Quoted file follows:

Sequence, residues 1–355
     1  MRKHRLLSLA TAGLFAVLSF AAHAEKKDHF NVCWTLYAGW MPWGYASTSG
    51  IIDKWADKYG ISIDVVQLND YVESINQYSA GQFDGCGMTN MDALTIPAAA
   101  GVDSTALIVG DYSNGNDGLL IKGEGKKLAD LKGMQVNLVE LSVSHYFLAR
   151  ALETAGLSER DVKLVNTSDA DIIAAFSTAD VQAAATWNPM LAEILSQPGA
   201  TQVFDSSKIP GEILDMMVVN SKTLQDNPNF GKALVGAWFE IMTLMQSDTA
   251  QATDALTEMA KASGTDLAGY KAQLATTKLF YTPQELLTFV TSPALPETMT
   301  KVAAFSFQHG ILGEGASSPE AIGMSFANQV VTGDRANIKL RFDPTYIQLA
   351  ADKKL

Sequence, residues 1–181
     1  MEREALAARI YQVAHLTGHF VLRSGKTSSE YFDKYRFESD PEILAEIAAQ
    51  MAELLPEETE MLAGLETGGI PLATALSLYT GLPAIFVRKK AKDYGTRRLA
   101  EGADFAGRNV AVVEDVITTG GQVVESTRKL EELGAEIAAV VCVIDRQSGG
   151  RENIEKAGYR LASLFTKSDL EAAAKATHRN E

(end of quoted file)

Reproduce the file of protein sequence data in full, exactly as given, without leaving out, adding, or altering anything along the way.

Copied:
Sequence, residues 1–355
     1  MRKHRLLSLA TAGLFAVLSF AAHAEKKDHF NVCWTLYAGW MPWGYASTSG
    51  IIDKWADKYG ISIDVVQLND YVESINQYSA GQFDGCGMTN MDALTIPAAA
   101  GVDSTALIVG DYSNGNDGLL IKGEGKKLAD LKGMQVNLVE LSVSHYFLAR
   151  ALETAGLSER DVKLVNTSDA DIIAAFSTAD VQAAATWNPM LAEILSQPGA
   201  TQVFDSSKIP GEILDMMVVN SKTLQDNPNF GKALVGAWFE IMTLMQSDTA
   251  QATDALTEMA KASGTDLAGY KAQLATTKLF YTPQELLTFV TSPALPETMT
   301  KVAAFSFQHG ILGEGASSPE AIGMSFANQV VTGDRANIKL RFDPTYIQLA
   351  ADKKL

Sequence, residues 1–181
     1  MEREALAARI YQVAHLTGHF VLRSGKTSSE YFDKYRFESD PEILAEIAAQ
    51  MAELLPEETE MLAGLETGGI PLATALSLYT GLPAIFVRKK AKDYGTRRLA
   101  EGADFAGRNV AVVEDVITTG GQVVESTRKL EELGAEIAAV VCVIDRQSGG
   151  RENIEKAGYR LASLFTKSDL EAAAKATHRN E